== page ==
“Even as we moved from the late 19th into the early 20th century, Los Angeles was seen as a place that invites a kind of apocalyptic future, so there’s a great deal of writing about L.A. falling into the ocean, or being taken over by hordes of rampaging animals or insects,” Deverell said. “That’s an old literature that Los Angeles seems to sustain, which is in many ways the flip-side of Los Angeles as a bucolic place of nature and harmony.”

As Deverell and Hawthorne noted, the physical features of the L.A. landscape lend themselves to settings for science fiction movies. The L.A. River has long featured as a site of destruction and apocalypse, while the California desert lends its eerie isolation to the depiction of alien planets. L.A. architectural monuments have also played key roles in science fiction films, among them Frank Lloyd Wright’s textile block Ennis House and the 19th-century Bradbury Building, both of which featured prominently in the movie Blade Runner’s vision of a ruined future.

The draw of L.A.

Madeleine Brand, host of KCRW’s Press Play, moderated a discussion about celebrated African-American science fiction novelist Octavia Butler, a Pasadena native whose archive is held at The Huntington Library. Despite the lack of role models and the handicaps of poverty, Butler’s determination to succeed as a sci-fi writer brought her significant acclaim, which Deverell believes is still growing today.

Landscape Left

A page from the archive of acclaimed Los Angeles science fiction author Octavia Butler shows her determination to stick to her writing goals. Photo by Susan Bell.

Other sessions focused on sci-fi stars Bradbury and Dick and their relationship with L.A. By the time Bradbury was 17 years old, he was one of the youngest members of the Los Angeles Science Fiction Society, which met regularly during the Great Depression at Clifton’s Cafeteria in downtown L.A.

Ulin said Hollywood was undoubtedly a major draw for science fiction writers looking to make money from their work, particularly in the 1950s and ’60s when the mainstream publishing industry looked down its nose at genre fiction.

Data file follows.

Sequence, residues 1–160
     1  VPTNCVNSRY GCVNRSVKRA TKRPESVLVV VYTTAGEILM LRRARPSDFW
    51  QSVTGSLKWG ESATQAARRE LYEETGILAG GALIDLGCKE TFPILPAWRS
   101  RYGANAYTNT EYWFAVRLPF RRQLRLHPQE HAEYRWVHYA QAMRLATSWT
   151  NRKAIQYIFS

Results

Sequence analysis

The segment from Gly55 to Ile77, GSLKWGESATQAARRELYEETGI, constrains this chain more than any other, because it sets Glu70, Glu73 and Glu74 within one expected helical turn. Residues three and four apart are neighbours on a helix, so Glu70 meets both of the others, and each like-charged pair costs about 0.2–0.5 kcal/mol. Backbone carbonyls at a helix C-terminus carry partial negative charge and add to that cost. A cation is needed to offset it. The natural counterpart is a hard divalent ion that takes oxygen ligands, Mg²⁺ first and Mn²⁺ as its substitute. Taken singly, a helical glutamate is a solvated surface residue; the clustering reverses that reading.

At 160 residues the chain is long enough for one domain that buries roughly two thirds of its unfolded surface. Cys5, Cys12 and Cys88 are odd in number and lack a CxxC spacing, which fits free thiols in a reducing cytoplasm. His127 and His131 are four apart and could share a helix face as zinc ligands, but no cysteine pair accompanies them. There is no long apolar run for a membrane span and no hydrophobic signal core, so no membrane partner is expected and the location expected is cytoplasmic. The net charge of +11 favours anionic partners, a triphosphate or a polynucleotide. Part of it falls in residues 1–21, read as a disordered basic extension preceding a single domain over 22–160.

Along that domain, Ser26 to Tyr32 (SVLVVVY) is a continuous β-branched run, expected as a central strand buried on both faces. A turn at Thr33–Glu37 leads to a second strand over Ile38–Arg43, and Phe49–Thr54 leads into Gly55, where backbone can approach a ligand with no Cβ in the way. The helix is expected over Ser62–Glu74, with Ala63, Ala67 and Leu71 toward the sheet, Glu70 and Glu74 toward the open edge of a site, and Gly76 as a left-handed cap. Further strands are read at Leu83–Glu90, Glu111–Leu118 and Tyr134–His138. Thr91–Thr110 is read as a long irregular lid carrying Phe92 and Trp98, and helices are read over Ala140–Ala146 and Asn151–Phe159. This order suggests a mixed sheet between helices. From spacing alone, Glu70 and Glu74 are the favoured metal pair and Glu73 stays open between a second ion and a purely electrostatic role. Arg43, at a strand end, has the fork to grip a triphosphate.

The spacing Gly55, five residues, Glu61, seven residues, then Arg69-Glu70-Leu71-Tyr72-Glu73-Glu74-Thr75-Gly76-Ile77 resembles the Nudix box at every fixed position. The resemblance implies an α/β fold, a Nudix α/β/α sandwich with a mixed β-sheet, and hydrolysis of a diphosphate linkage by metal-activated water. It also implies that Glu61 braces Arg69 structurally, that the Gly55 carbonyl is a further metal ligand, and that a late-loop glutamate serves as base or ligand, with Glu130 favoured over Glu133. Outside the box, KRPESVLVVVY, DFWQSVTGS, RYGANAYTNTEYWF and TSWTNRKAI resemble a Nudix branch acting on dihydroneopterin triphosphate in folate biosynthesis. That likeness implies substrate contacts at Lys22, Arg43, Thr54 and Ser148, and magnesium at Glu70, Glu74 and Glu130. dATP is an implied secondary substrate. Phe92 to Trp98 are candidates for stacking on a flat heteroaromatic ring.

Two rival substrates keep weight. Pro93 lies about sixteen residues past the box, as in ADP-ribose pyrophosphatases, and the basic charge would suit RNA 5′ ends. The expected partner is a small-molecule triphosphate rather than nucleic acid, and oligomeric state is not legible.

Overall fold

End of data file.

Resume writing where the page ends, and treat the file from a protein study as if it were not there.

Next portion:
“Hollywood embraced science fiction storytelling in a less marginalized way than the publishing industry,” Ulin said, “so there were financial and creative opportunities for sci-fi writers in Los Angeles that didn’t exist elsewhere.”

Sophomore Julia Doherty, a double major in international relations (global business) and religion, was one of 20 students from the USC Sydney Harman Academy for Polymathic Study invited to participate in the conference.

“It was incredible to be able to hear panel discussions involving such diversely knowledgeable and involved people,” she said. “I very much enjoyed the conversation surrounding how depictions of L.A. in science fiction are beginning to shift from dystopian to utopian.”

To anyone expressing surprise at a historian’s interest in science fiction, Deverell noted that the genre frequently involves time travel. Asked which period he would visit if he had a time machine, he responded, “As an American historian, I would probably go to the period of Westward Expansion. I would try to be on the ground as the Civil War began to brew. I would be fascinated to visit Gold Rush San Francisco and late 19th-century New York City as it began its boom period of urbanization and immigration.”

“Historians are natural time travelers,” Deverell said. “We bring to the past the puzzles of our present and we bring to our present, the puzzles of our past.”